Now that you have recovered from shock after reading the letter you just got in the mail denying you eligibility for a security clearance, you now have to pull yourself together and decide if you want to submit an appeal to the next level. If you do, then you need to start gathering information for your response.  Depending on the types of issues in your case, you could possibly need financial documents, court records, substance abuse counseling course completion certificates, or some other information that addresses the issues at hand. One of the things that many clearance applicants don’t consider when responding to a Statement of Reasons (SOR) is the importance of presenting character references.

Character References Can Help Win a Security Clearance Appeal

Character references, if prepared and credible, can sway a judge to rule favorably on your appeal. However, in order for them to be effective they have to be aware of the good and the bad about you. If they don’t know why your clearance was denied then it makes it seem like they don’t really know you or that you have intentionally hidden information from them that you find embarrassing. To avoid this you should provide them full disclosure of the issues if they don’t already know so that if asked, they can speak knowledgably on your behalf and show the judge that despite the adverse information or circumstances involved, they still believe you are reliable, trustworthy and honest.  The testimony of people that know you from work, school, church, leisure activities or your neighborhood who can attest to your character and provide a positive recommendation could be the difference between a denial being upheld or it being overturned and getting granted a security clearance.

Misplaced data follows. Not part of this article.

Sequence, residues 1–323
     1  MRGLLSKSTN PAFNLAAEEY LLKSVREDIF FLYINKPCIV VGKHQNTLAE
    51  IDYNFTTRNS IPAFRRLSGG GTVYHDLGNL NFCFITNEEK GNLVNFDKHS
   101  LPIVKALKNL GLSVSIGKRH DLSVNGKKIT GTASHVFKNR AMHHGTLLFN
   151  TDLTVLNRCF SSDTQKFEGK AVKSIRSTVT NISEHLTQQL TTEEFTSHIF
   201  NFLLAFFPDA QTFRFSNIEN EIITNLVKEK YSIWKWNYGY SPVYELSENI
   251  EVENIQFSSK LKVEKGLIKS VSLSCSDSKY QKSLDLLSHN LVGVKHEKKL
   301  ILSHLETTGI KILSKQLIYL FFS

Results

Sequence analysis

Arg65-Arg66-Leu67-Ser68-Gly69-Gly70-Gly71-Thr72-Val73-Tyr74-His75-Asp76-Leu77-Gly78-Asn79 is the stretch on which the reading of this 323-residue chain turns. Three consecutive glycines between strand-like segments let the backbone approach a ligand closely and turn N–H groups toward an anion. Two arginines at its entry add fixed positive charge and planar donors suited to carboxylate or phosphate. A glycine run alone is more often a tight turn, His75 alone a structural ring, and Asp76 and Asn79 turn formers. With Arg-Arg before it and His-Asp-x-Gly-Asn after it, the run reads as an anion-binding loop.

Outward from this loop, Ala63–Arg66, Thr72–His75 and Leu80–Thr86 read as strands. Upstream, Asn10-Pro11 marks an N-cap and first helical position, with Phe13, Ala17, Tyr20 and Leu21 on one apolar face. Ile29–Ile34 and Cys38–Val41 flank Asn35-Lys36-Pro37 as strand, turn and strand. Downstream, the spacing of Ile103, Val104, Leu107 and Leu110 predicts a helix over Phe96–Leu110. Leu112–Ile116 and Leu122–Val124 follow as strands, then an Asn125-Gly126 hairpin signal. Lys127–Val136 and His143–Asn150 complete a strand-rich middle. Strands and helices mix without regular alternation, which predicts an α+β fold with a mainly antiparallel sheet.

When your character reference understands the reason for your denial, they will be better poised to respond to the issue. Look for references who you have known for a number of years, and just as you should avoid listing character references as verifiers on your security clearance application, you should avoid using relatives as a character reference if possible.

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Marko Hakamaa served in various military police positions with the United States Army worldwide for 22 years before retiring in 2006 as a Master Sergeant. Afterwards, he transitioned into the civilian workforce as a contractor background investigator for the Office of Personnel Management (OPM) before entering civil service as a Security Specialist in 2009.